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Maersk has upgraded its full-year earnings forecast by 43% and predicts the “exceptional market situation” will continue “well into the fourth quarter”.
However, one rival carrier contact told The Loadstar this morning he was “slightly underwhelmed”.
“I know it might seem crazy, but I was expecting something even better following the OOCL numbers last Friday,” he said.
In a trading update ahead of the release of its Q1 results next week, the Danish transport group reported an ebitda level of $3.1bn from revenues of $12.4bn – up 106% and 71%, respectively, on the same period of 2020.
“Volumes in Ocean increased by 5.7% and average freight rates improved 35% in Q1 21, compared with the previous year,” said Maersk.
However, this is far below OOCL’s Q1 24% liftings growth and 58% increase in its average rate, suggesting Maersk’s more conservative approach to growth and lesser participation in higher-rated spot and short-term contract business.
Indeed, following the Suez Canal disruption last month, Maersk temporarily suspended its short-term contracts with shippers, and chief executive Soren Skou has made no secret that Maersk sees its future in increasing its share of the more stable long-term contract business, versus the extreme volatility of the spot and shorter-term market.
“Consequently, given the result in Q1 and the exceptional market situation now expected to continue well into the fourth quarter of 2021, the full year guidance for 2021 has been revised upwards with an underlying ebitda now expected in the range of $13bn-$15bn,” said Maersk.
This compares with the previous guidance upgrade, just over two months ago, of an ebitda of $8.5bn-$10.5bn, and is a far cry from a year ago in the midst of the pandemic, when Maersk suspended its guidance.
The company said the outlook for global market growth had also been revised, to 5%-7% from 3%-5%, “primarily driven by the export volumes out of China to the US”.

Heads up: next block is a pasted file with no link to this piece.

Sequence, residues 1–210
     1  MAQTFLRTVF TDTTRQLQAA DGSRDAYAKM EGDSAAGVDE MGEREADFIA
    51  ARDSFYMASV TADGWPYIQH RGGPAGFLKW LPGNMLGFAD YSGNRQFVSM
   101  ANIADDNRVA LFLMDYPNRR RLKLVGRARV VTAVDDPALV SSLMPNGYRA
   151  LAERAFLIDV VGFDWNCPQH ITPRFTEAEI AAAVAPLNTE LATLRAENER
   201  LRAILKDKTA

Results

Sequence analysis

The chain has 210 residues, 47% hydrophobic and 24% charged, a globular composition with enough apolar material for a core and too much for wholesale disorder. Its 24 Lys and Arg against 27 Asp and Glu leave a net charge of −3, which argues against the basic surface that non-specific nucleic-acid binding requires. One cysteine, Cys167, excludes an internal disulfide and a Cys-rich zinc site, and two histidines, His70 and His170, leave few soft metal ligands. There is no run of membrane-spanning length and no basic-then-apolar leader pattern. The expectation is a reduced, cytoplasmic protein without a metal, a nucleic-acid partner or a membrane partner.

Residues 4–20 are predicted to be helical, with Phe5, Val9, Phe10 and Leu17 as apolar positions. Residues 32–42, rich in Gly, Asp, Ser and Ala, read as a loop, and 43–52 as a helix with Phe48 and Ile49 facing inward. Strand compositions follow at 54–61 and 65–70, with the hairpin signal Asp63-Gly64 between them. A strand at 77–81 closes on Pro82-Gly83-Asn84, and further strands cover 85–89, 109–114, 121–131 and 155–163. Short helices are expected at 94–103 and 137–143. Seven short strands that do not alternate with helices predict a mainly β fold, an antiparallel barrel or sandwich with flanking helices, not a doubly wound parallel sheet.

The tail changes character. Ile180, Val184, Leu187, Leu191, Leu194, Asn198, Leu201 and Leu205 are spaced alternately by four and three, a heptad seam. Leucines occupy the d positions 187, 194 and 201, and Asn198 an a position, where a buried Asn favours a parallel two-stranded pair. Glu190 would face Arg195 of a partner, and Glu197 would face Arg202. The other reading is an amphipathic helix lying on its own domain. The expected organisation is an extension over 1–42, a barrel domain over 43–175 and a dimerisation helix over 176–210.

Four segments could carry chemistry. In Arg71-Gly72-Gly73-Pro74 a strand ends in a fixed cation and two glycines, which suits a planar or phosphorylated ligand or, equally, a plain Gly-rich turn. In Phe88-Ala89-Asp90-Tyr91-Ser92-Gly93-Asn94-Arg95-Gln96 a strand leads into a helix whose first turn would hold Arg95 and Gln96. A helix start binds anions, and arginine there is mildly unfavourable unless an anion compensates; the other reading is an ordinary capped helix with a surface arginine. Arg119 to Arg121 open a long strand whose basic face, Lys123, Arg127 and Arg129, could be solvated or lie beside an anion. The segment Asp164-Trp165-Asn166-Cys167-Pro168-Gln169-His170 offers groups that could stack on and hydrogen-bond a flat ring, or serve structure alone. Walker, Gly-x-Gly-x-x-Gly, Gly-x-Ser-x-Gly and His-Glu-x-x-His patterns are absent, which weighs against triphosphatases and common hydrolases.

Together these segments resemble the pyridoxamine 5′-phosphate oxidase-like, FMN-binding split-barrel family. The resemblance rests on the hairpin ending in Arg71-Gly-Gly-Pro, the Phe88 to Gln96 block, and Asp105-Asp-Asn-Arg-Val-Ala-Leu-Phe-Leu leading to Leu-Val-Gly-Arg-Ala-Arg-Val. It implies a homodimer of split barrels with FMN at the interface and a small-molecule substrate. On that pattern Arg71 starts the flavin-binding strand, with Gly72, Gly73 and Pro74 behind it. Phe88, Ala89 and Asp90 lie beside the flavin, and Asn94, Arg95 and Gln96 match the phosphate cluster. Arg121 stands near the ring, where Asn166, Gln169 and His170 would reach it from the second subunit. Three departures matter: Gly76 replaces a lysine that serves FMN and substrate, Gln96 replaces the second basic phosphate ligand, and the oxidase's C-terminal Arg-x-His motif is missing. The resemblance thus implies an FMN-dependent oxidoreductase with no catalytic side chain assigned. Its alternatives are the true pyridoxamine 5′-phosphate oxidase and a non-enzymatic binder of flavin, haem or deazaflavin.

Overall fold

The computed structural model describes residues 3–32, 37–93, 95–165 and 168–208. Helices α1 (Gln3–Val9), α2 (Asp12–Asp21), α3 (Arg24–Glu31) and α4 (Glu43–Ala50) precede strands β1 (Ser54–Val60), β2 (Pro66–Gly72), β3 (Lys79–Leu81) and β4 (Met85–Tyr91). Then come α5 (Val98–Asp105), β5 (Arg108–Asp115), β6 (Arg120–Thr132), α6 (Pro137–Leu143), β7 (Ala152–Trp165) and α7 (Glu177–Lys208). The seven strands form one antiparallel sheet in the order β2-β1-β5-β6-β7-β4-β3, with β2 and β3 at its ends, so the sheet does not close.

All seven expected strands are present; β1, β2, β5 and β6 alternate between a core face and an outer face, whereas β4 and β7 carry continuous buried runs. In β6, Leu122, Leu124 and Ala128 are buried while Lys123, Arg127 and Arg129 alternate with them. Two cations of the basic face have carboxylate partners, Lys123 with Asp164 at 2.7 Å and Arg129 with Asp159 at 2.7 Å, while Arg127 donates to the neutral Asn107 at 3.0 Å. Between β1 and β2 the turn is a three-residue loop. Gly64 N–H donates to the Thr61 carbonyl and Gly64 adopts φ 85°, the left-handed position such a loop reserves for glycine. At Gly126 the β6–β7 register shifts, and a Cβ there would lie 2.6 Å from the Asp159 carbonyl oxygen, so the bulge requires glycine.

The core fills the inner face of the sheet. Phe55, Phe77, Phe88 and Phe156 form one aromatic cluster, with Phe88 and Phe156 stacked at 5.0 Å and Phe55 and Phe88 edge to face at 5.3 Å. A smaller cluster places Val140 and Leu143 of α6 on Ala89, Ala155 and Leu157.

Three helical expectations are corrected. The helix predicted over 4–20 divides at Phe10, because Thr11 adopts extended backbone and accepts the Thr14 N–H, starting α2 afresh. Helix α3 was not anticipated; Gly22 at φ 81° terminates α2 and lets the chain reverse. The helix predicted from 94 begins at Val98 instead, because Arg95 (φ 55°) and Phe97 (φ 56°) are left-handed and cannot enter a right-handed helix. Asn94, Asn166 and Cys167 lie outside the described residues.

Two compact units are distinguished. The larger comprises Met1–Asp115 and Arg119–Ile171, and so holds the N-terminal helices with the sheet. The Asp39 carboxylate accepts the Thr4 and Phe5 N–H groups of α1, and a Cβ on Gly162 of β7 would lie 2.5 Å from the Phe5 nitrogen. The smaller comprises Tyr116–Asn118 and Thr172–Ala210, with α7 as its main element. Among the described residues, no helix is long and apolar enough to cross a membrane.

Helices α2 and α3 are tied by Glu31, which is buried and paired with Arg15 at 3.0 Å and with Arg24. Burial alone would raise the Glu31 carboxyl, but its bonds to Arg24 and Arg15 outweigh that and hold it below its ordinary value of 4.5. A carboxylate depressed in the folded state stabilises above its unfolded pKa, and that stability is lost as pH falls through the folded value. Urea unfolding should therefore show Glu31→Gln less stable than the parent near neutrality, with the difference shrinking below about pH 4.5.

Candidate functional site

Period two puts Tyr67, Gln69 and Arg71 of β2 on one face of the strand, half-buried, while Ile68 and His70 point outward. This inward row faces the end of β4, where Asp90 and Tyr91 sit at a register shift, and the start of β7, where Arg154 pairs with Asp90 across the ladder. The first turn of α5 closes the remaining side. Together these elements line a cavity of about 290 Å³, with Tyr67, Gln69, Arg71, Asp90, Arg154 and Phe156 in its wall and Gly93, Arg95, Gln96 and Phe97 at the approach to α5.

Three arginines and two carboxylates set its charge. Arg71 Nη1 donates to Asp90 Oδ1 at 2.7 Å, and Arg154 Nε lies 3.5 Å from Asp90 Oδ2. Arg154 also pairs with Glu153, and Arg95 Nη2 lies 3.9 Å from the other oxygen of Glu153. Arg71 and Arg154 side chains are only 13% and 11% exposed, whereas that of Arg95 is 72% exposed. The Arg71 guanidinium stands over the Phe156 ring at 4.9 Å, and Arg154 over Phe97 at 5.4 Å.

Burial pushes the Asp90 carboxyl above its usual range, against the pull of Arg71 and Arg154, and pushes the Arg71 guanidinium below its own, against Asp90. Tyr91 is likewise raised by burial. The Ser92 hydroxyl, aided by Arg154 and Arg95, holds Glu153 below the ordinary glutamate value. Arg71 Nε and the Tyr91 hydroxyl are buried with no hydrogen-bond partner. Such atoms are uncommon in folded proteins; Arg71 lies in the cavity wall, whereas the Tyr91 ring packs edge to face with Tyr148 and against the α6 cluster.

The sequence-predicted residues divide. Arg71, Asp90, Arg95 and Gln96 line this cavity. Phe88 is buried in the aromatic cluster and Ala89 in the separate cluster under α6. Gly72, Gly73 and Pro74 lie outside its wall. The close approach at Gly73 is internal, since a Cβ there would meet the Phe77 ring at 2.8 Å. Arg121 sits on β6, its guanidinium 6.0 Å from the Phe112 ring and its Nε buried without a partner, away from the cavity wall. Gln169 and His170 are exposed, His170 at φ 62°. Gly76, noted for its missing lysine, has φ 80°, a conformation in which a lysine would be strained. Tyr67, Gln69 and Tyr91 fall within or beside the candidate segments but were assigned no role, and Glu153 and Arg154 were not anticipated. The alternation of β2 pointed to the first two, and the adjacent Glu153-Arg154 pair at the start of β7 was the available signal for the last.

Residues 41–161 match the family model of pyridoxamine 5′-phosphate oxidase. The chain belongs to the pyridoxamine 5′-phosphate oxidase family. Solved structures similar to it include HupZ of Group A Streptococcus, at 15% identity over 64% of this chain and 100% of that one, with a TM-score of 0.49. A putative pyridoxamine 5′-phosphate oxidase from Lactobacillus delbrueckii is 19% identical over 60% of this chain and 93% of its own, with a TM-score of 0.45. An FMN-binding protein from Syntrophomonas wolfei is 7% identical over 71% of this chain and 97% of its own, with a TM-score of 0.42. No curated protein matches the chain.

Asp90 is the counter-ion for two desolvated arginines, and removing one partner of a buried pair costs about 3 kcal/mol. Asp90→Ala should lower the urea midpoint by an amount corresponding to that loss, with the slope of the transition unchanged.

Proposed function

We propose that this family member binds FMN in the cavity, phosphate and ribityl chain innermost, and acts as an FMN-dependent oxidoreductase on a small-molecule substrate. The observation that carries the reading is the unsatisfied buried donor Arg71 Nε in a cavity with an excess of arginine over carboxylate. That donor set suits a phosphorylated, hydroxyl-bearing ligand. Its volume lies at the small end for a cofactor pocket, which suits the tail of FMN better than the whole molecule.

It also said it had raised its capex guidance for 2021-2022, from $4.5bn-$5.5bn to around $7bn, “to provide additional containers to relieve the current bottlenecks and improve service reliability in Ocean and the organic growth in Logistics & Services”.
Significantly, there is still no mention of new ships, with Maersk now having by far the smallest orderbook of the top ten carriers.
Maersk cautioned that trading remained “subject to higher-than-normal volatility, due to potential changes in current demand patterns, disruptions in the supply chain and equipment shortages impacting the short-term container freight rates”, reinforcing its strategy of growing its long-term contract business.
Meanwhile, OOCL’s parent, Cosco Shipping, has said it expected to post a net profit of more than $2.3bn for the first quarter, representing a massive 150% uplift on its Q4 20 result.
According to New York-based Blue Alpha Capital, based on the reported results of 11 carriers and estimates for container lines that do not publish their earnings, the industry earned some $9bn in the final quarter of 2020 and around $16bn for the full year. However, given the size of Q1 profits being announced, the industry could treble last year’s performance.
Maersk will publish its Q1 interim results on 5 May.